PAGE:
Results

Clinical characteristics

The V.SC group consisted of 53 patients and the NV.SC group consisted of 24 patients. The duration of inpatients ranged from 0.2 to 14 years (V.SC: 0.3–14.0 years; NV.SC: 0.2–8.0 years) and differed significantly between groups. There was no statistically significant difference between the two groups in terms of other demographic characteristics and clinical symptoms. Risperidone and clozapine were the most frequently used antipsychotic drugs. In the V.SC group, 51 patients (96.2%) had batteries resulting in physical injury, 32 patients (60.4%) had batteries involving the use of a weapon, 9 patients (17.0%) made threats with a weapon in hand, and no patient had sexual assaults, after they were diagnosed with schizophrenia (Table 1).

Table 1 Comparison of the demographic characteristics, clinical symptoms and violence situation between the V.SC and NV.SC groups

Plasma metabolic profiles of schizophrenia with violence

A total of 236 plasma metabolites were detected by GC-TOF/MS analysis, among which 129 were annotated by JiaLib™ metabolite database.

Discrimination model

The PCA shows no separation trend between the V.SC and NV.SC groups (Supple. Figure 1 in Supplement). The OPLS-DA model shows poor predictive utility in discriminating V.SC group and NV.SC group (R2Y = 0.669, Q2 = 0.112) (Fig. 1).

Fig. 1
figure1

Orthogonal partial least square discriminant analysis (OPLS-DA) was used to discriminate the V.SC group from the NV.SC group. V.SC: schizophrenia patients with violence; NV.SC: schizophrenia patients without violence

Group differences

In univariate analysis, nineteen plasma metabolites differed significantly between the V.SC group and NV.SC group (P < 0.05), including seven organic acids, five amino acids, four carbohydrates, one lipid, one aldehyde and one alcohol. Three metabolites increased in V.SC, and their fold change (FC) of them ranged above 1.2. Sixteen metabolites decreased in V.SC, and the FC of twelve metabolites ranged below 0.83. The nineteen differential metabolites mainly participated in amino acid metabolism, lipid metabolism and carbohydrate metabolism (Fig. 2a and Table 2).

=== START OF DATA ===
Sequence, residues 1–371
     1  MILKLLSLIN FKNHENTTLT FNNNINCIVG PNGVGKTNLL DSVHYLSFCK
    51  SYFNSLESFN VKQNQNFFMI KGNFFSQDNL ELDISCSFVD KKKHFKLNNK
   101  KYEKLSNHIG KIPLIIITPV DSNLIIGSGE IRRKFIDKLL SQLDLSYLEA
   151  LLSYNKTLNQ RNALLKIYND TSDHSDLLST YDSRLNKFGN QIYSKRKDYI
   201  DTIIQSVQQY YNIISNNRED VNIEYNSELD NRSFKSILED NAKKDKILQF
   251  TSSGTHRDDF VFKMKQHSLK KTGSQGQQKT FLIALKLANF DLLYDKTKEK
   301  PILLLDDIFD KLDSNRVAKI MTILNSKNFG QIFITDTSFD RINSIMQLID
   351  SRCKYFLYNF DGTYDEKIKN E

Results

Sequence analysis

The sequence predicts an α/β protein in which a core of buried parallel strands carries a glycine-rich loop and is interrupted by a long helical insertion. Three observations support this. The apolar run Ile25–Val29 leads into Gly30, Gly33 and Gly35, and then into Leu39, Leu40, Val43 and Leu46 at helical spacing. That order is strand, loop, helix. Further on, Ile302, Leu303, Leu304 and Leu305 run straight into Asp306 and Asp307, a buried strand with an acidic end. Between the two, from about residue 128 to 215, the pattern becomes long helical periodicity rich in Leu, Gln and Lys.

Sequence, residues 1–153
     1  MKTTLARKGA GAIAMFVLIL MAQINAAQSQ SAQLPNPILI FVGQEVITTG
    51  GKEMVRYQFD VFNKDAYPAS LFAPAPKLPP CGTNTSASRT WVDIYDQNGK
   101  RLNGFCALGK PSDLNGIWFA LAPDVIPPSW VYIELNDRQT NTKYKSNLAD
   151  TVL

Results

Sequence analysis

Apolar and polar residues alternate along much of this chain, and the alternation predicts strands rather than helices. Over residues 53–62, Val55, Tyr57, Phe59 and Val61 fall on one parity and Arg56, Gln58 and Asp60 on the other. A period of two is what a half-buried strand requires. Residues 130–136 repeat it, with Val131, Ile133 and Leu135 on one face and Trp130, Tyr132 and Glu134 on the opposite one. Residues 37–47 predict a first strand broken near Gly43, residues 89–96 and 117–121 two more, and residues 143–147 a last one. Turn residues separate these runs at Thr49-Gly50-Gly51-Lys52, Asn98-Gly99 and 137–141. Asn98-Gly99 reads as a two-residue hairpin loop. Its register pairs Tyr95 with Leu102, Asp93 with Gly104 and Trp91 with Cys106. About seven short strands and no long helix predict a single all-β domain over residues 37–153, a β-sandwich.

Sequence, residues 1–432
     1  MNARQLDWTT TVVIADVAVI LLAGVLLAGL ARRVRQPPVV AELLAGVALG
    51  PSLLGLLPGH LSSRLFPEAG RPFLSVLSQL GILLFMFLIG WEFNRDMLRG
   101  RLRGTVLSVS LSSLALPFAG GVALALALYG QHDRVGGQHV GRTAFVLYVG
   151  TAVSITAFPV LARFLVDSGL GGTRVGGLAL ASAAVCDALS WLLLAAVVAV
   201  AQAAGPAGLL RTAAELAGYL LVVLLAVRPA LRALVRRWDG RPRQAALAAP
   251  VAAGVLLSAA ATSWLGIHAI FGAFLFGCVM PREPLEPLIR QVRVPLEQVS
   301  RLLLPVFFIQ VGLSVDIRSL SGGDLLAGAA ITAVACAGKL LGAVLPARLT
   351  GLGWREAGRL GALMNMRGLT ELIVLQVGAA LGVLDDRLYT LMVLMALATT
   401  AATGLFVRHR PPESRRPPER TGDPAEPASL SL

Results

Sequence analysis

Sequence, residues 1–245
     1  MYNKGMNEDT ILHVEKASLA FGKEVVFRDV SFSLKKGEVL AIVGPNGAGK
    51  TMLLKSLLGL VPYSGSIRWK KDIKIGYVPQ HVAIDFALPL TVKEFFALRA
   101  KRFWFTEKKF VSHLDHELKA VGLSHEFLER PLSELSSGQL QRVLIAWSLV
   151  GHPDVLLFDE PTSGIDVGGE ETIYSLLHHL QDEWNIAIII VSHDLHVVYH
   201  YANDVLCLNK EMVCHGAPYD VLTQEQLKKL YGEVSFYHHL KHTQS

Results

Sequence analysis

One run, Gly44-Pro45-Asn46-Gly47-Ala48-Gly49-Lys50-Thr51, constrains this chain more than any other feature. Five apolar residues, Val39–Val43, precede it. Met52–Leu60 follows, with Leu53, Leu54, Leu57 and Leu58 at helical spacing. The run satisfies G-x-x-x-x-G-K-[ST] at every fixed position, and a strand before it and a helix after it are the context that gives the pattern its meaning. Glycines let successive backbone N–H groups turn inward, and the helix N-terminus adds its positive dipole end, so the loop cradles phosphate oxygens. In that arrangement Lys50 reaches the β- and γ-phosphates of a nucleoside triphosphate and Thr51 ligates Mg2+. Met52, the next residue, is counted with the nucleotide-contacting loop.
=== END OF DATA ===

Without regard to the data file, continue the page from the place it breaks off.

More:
Fig. 2
figure2

Metabolic biomarkers of V.SC. a The enhanced volcano plot shows the differential plasma metabolites between the V.SC group and the NV.SC group. b Random forest (RF) analysis assessed the feature importance of the differential plasma metabolites. c Support vector machine (SVM) analysis assessed the feature importance of the differential plasma metabolites. d Receiver operating characteristic (ROC) curve analysis assessed the utility of a metabolic biomarker panel in discriminating V.SC from NV.SC. V.SC: schizophrenia patients with violence; NV.SC: schizophrenia patients without violence

Table 2 Differential plasma metabolites selected by Wilcoxon-Mann-Whitney rank sum test between the V.SC and NV.SC groups

Biomarker panel selection

Assessment of importance

We used RF analysis to assess the importance (Imp) of the nineteen differential metabolites and nine metabolites were excluded. Ten metabolites were confirmed as metabolic biomarkers of the V.SC group by RF analysis (Imp> 2.5) (Fig. 2b), including D-ribose, 3-aminoisobutanoic acid, glycerol 3-phosphate, ratio of L-asparagine to L-aspartic acid, glutaric acid, ribitol, vanillylmandelic acid, glyceraldehyde, 3-aminosalicylic acid and 4-hydroxyproline.

We also used RF analysis to assess the importance of the nineteen differential metabolites. We selected the five most important metabolites as metabolic biomarkers of the V.SC group, including L-methionine, the ratio of L-asparagine to L-aspartic acid, glutaric acid, L-sorbose and vanillylmandelic acid (Fig. 2c).

To avoid over-fitting issue, only the plasma metabolites that meet both RF and SVM feature selection criterion can be identified as metabolic biomarkers and selected to form final biomarker panel to discriminate the V.SC group from the NV.SC group. Three plasma metabolites meet the criterion, including ratio of L-asparagine to L-aspartic acid, vanillylmandelic acid and glutaric acid. The biomarker panel formed by the three metabolites, yielded an area under the receiver operating characteristic curve (AUC) of 0.808 (Fig. 2d).

Differential metabolic pathways

Two metabolic pathways, glycerolipid metabolism and phenylalanine, tyrosine and tryptophan biosynthesis were identified as significantly differential pathways between the V.SC and NV.SC groups by MPEA (Fig. 3a and Table 3). In the glycerolipid metabolism pathway, glycerol was significantly up-regulated and glycerol 3-phosphate was significantly down-regulated (Fig. 3b). In the phenylalanine, tyrosine and tryptophan biosynthesis pathway, 4-hydroxyphenylpyruvic acid was significantly down-regulated (Fig. 3c).